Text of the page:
Addiction refers to the increased engagement in substance or behavior despite the negative effects that such has on someone. Addiction entailed intense craving for something, loss of control over its use, and continued indulgence irrespective of the related adverse consequences.
Addiction alters the normal functioning of the brain in the way it registers pleasure and corrupts other normal drives such as motivation and learning. Thus, addiction is a mental illness that does not manifest spontaneously rather occurs gradually and advances in frequency and intensity (Lloyd, 2004).
In fact, the subject hardly realizes when he/she is being addicted until the symptoms fully manifest themselves. Common types of addiction include addiction to drugs and substances and addiction to pornography. When addiction advances, the subject finds it hard to keep away from the behavior or substance. In fact, addicts function well under the influence of drugs or substances. Though breaking an addiction once it has developed is hard, it can always be done. Therefore, this paper will address the numerous causes and means of combating addiction.
Causes of Addiction
Social factors are incredibly influential and core components of addiction. As children grow, they learn from their peers and grownups the acceptable behaviors in the society. If a child grows up in a society that practices addictive behaviors such as drug abuse and pornography, he/she is liable to becoming addicts of the same. The family plays a vital role in the development of addictive behaviors, as it is the first and closest community that a child encounters thus tries to emulate common behaviors. It is characteristic childhood behavior to a desire to emulate significant adults in the surrounding. In copying such behavior, the children often seek for adult approval. In families where addictions are openly practiced, children in such a family are more disposed to addictions (Lloyd, 2004).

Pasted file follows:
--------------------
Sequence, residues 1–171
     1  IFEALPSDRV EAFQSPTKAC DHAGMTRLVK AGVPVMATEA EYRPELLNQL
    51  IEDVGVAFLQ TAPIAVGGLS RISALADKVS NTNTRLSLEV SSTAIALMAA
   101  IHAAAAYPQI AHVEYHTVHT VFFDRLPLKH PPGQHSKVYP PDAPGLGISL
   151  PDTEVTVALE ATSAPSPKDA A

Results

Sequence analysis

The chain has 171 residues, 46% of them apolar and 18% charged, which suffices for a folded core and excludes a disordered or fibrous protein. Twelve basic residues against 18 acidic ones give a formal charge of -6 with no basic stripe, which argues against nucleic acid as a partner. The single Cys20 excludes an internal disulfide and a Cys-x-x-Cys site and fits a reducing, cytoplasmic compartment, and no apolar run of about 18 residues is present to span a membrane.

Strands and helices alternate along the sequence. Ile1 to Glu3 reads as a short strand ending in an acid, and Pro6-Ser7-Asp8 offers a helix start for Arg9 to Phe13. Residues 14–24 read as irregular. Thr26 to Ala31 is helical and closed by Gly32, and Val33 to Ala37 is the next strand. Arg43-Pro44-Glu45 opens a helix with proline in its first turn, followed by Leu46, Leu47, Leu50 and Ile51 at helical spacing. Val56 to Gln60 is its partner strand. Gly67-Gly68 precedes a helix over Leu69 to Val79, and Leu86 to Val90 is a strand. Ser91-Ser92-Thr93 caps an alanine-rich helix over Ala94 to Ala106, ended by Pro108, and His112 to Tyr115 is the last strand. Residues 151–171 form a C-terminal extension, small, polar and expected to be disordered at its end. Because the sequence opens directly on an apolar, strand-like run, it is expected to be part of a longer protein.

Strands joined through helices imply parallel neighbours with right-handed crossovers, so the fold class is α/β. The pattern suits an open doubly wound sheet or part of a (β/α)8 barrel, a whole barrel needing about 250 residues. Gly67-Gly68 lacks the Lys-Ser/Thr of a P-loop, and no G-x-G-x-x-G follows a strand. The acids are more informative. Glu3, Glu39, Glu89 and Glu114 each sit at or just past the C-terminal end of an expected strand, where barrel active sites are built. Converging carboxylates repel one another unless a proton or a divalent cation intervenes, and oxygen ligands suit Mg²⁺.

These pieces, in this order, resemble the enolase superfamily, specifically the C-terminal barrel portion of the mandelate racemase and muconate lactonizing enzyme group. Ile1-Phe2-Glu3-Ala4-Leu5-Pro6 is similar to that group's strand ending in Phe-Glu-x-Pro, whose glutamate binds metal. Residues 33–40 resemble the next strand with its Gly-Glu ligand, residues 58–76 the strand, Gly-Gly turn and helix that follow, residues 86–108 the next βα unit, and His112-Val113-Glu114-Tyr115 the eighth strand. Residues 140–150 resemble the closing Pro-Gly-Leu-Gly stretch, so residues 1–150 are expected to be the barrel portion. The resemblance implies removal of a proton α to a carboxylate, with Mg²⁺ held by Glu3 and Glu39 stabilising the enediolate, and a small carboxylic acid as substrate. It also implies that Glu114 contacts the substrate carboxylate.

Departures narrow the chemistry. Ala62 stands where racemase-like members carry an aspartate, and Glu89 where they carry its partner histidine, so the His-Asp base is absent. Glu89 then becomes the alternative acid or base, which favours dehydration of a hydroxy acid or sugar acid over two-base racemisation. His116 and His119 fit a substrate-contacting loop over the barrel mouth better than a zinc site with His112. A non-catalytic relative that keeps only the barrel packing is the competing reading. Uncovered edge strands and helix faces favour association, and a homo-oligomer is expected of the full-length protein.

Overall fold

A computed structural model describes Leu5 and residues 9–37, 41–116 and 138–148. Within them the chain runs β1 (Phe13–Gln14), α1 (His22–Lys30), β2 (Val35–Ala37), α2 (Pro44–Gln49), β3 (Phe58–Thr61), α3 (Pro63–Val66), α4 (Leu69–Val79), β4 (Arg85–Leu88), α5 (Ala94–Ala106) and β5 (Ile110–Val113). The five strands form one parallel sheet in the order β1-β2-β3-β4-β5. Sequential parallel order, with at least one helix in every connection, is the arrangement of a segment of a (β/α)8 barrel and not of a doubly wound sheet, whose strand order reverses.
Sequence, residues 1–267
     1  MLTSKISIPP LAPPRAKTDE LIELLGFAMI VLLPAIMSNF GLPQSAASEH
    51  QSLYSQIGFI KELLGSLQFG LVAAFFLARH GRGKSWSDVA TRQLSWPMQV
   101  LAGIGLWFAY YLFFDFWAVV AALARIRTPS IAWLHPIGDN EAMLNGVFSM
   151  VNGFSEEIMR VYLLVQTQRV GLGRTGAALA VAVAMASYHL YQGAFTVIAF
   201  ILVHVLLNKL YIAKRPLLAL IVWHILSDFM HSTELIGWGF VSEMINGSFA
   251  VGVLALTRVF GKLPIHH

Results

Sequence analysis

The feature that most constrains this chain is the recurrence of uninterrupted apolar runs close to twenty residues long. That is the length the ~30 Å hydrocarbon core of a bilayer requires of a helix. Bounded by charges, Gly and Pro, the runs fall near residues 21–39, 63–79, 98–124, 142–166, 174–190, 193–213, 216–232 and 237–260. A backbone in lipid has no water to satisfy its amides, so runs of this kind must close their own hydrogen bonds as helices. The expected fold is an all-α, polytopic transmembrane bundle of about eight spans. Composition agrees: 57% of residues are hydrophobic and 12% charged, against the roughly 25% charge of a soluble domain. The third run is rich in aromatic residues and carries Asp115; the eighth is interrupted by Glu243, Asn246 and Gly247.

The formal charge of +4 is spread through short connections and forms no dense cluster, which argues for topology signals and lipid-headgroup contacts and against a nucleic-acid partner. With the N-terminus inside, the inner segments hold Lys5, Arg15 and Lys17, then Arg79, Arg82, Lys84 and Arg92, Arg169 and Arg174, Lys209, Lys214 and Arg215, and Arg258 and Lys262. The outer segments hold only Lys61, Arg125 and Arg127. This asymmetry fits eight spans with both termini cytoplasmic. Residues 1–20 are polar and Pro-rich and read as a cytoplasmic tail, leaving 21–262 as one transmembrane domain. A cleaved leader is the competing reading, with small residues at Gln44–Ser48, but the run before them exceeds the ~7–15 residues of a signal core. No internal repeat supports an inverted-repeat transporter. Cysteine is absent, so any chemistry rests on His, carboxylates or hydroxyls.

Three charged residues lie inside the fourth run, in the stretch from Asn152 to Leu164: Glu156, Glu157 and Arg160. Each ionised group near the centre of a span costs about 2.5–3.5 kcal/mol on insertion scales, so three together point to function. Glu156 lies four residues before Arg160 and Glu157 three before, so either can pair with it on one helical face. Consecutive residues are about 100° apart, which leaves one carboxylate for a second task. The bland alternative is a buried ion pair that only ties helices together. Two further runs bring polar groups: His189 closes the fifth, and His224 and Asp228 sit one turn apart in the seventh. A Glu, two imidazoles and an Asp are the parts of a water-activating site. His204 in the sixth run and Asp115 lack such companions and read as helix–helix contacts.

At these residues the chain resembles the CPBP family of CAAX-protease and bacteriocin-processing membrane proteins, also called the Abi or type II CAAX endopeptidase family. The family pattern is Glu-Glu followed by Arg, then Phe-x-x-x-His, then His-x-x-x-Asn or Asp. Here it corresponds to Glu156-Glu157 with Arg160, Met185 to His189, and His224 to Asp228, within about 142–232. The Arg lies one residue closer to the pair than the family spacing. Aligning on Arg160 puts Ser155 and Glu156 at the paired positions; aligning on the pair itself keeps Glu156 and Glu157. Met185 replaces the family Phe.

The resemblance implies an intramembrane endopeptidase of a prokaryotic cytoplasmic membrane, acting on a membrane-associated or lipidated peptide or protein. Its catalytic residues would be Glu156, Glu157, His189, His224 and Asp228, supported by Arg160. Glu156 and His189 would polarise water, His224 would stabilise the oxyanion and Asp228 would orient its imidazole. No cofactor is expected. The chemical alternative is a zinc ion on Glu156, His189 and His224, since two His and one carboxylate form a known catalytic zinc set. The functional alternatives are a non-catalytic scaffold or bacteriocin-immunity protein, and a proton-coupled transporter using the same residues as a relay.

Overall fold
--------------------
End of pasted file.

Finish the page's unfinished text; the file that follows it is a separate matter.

Social learning theory can be used to explain how social factors lead to addiction. Such is a four-stage process that involves attention, memory, imitation, and motivation. First, the potential addict is attracted to people in his/her social circle that are subject to addiction. In the second stage, the person remembers what he observed from the addicts. This is followed by a desire to imitate or practice such behavior, and then the person develops motivation to engage in such behavior.
It is a common belief that drugs, substances, and certain compulsive behaviors help people cope with problems in life. Following such illusion, people result into being addicts without their conscience. Psychological factors are common sources of drug and pornographic addiction. For instance, a person may choose to indulge in drugs and pornographic movies to deal with the physical and emotional pain of a broken relationship. The drugs offer illusions that life is normal, even after the break up while the pornographic movies act as a solace for the lost emotional support. The more the person indulges in such activity, the more he/she will feel satisfied, and this will result into addiction (Simmons, 2010).
Addiction disorder may be hereditary thus passed from one generation to another. Biological attributes exist in the brain is responsible for biological causes of addiction. These include the dopamine pleasure circuit and the prefrontal cortex. In a non-addicted person, the dopamine pleasure circuit is in equilibrium with the prefrontal cortex. However, with the feeling of engaging in drugs or any compulsive behavior, the dopamine pleasure circuit operates in favor of pursuing the activity. Simultaneously, the prefrontal cortex balances such urge by making the subject think of the consequences of such activity. Eventually, the dopamine pleasure circuit overwhelms the prefrontal cortex, thus the individual experiences a decreased capacity to counter the desire for such substance or behavior.